Many different types of disabilities require the use of wheelchairs for mobility. Disabilities may be orthopedic, relating to the bone and muscles, or neuromuscular, relating to the nerves and muscles. These are referred to as mobility impairments.
Medical conditions that require wheelchairs for rent are of many types based on the disease but finding an appropriate wheelchair that meets every patient’s individual needs is very important. A suitable wheelchair, whether manual or electronic, sitting or standing, reclining, or tilting, will be the one that offers the best opportunities for independence, mobility, and comfort.
Some of the most common disabilities that require wheelchair assistance are:
- Cerebral Palsy
- Alzheimer’s Disease
- Multiple Sclerosis
- Muscular Dystrophy
- Rheumatoid Arthritis
- Parkinson’s Disease
- Brain Injury
- Spinal Cord Injury
The diversity of short- and long-term reasons someone might need medical equipment for rent, such as wheelchairs, is such that it is impossible to attempt to list them. Apart from these long-term diseases and illnesses, the other reasons why one might need a wheelchair are:
- People who can walk fine but only for a short distance due to, e.g., a heart problem
- People who have an injury or condition which could be made worse by walking
- People who can walk fine but may suddenly collapse without notice, like in epilepsy, heart trouble, etc.
- People who are in severe pain when they walk
- People who can only walk very slowly
- People who find it extremely difficult to walk with or without a mobility aid like a rollator or crutches
- People who literally cannot walk at all, even with crutches or a frame
Choosing The Right Wheelchair
Whether you are in a healthy condition or are unable to walk on your feet, getting a wheelchair for rent can be the best idea. But before you buy a wheelchair, you should have some knowledge about it. The following are some tips to be followed to buy the best wheelchair for you.
Most people first encounter wheelchairs at hospitals. Steel wheelchairs, however, are not very practical for consumers because they are very heavy and would be difficult for women to lift into a car or taxi boot.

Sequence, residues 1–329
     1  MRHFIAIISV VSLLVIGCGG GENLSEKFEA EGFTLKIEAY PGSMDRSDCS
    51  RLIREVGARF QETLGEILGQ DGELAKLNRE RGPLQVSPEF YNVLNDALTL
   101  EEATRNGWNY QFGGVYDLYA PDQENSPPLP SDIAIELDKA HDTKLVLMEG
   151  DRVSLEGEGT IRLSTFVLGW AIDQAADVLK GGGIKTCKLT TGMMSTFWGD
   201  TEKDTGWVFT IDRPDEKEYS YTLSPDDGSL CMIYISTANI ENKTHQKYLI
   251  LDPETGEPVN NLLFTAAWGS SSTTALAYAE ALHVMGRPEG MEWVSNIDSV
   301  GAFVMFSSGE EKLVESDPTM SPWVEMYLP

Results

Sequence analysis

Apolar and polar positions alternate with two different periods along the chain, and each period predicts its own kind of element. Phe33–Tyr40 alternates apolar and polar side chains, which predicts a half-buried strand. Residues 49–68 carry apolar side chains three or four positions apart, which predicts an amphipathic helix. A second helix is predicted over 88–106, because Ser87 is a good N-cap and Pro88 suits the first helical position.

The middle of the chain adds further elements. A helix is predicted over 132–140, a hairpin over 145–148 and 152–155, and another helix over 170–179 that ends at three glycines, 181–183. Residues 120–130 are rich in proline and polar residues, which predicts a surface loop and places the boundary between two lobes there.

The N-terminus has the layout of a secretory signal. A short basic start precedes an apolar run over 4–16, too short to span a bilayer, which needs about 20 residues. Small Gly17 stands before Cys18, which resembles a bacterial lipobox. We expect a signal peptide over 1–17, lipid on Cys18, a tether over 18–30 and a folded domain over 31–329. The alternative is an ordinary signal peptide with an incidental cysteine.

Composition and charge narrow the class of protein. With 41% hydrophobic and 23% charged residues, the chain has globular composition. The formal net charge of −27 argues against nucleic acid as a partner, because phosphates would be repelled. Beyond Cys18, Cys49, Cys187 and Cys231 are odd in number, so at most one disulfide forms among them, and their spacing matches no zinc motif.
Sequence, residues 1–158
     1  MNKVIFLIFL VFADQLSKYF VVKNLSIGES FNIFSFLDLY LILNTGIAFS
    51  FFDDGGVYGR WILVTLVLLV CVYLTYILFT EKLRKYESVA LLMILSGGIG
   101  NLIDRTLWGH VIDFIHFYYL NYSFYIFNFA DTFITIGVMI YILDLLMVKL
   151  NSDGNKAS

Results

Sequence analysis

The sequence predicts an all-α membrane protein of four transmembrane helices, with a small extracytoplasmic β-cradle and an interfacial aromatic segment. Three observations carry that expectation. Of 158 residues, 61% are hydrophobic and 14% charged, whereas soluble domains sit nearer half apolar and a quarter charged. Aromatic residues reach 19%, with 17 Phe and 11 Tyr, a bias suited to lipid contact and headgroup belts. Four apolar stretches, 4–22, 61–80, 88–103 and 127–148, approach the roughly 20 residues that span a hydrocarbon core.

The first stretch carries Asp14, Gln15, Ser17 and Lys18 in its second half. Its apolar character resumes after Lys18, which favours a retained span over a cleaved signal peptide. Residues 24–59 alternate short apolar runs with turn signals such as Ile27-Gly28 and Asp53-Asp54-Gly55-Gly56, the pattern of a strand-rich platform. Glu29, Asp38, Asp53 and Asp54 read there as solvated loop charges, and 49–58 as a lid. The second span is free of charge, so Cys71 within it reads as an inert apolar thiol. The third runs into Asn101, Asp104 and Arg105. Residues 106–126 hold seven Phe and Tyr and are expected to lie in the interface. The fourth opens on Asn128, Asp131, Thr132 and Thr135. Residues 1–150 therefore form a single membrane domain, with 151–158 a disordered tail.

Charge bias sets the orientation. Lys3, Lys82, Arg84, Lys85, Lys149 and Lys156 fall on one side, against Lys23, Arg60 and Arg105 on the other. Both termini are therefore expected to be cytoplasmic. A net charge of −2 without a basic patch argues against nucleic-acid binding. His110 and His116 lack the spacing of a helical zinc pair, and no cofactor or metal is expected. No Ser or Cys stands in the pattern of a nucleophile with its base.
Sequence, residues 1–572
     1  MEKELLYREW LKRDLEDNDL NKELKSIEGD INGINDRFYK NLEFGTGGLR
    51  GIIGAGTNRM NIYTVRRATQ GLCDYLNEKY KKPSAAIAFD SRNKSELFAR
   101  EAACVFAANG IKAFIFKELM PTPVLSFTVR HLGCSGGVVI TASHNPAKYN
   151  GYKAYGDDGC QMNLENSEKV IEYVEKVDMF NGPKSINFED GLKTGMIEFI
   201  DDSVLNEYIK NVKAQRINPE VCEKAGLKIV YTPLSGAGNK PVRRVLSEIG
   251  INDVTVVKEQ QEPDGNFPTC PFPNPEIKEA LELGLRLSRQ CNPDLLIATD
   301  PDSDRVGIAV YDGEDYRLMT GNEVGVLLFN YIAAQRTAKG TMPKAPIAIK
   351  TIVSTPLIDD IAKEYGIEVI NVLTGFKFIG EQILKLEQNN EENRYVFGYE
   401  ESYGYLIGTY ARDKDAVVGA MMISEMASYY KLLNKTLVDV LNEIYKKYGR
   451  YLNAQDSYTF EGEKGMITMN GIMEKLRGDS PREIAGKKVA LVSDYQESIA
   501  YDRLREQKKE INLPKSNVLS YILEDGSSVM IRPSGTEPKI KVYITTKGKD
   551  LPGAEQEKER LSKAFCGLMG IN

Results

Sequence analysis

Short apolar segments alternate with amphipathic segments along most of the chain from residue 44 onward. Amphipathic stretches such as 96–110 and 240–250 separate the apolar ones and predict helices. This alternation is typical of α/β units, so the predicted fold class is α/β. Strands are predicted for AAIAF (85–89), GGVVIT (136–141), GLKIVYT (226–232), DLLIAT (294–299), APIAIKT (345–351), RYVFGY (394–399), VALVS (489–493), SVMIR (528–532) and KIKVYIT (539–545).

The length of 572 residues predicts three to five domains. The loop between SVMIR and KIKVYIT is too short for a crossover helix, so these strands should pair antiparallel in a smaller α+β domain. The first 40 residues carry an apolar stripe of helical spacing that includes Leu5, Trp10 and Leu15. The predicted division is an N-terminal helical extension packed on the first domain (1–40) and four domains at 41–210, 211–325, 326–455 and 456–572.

Detachable or Fixed?
Many elderly people who can still stand and transfer themselves from a wheelchair to a chair, toilet seat, or bed can use wheelchairs with fixed armrests and footrests. Those whose conditions are more severe may need detachable wheelchairs that can flip up or swing away, allowing the user to slide sideways from one seat to another without standing up.
To choose a seat width, you should pick something that will fit more or less comfortably. The widest wheelchair possible is preferred by many elderly clients as they can put more things such as a purse beside them. However, wide seats tend to encourage slouching sideways, which leads to bad posture over time and can result in scoliosis. Additionally, wider wheelchairs are actually harder to maneuver in tight spaces, such as narrow doors.
Back Rest Support
Many frail older people curve forwards at the top of their back, which hurts, messes with their sitting position, and makes eye contact tough. It is really important to make sure the wheelchair has a backrest that accommodates and supports the contours of their back correctly
Manual or Electric
Electric wheelchairs are more comfortable and require less effort to operate. These devices enable users to make tight turns and easily cross thresholds. The wheelchairs come with a very solid structure yet are lightweight and easy to disassemble. The on/off switch is easily accessible by any user, and a selector switch adjusts the speed.
The use of manual wheelchairs allows people who can still move their upper limbs to maintain their independence.
Choosing the right wheelchair is a highly individualized process. There are many different types of manual and power wheelchairs for rent and purchase, and each person needs different features to help them sit properly, maintain posture, and use the chair.
It would help if you had a specialist assessment by someone who is skilled in both wheelchairs and their use.
Ask your doctor for a referral to wheelchair services; if that does not exist where you are, then speak to a place that sells wheelchairs about your needs- they may have an assessor.